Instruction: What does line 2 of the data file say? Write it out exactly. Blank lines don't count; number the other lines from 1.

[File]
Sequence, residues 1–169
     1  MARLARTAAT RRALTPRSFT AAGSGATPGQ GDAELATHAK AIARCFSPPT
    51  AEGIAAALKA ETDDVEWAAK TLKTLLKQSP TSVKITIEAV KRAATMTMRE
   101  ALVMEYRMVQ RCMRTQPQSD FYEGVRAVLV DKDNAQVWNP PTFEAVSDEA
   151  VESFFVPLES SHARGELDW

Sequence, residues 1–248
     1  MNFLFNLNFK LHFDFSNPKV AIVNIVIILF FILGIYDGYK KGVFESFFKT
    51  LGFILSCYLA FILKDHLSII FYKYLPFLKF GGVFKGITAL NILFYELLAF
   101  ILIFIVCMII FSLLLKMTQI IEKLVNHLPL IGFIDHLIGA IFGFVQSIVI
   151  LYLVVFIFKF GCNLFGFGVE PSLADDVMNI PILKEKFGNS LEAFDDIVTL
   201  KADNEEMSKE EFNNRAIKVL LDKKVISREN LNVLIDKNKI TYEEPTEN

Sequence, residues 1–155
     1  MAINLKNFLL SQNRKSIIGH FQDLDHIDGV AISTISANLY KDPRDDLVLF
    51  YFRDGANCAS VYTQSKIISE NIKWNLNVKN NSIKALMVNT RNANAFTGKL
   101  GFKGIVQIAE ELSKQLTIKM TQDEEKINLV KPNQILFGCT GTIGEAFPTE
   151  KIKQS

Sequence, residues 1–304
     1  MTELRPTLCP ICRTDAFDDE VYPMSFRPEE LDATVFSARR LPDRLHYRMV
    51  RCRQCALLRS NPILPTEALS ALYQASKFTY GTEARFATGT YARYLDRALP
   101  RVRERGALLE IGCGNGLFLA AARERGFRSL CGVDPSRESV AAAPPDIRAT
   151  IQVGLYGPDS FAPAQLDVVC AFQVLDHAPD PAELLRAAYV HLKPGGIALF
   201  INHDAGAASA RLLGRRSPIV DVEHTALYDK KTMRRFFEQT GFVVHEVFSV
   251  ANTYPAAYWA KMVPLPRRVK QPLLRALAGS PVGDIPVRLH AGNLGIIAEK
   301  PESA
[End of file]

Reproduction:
     1  MARLARTAAT RRALTPRSFT AAGSGATPGQ GDAELATHAK AIARCFSPPT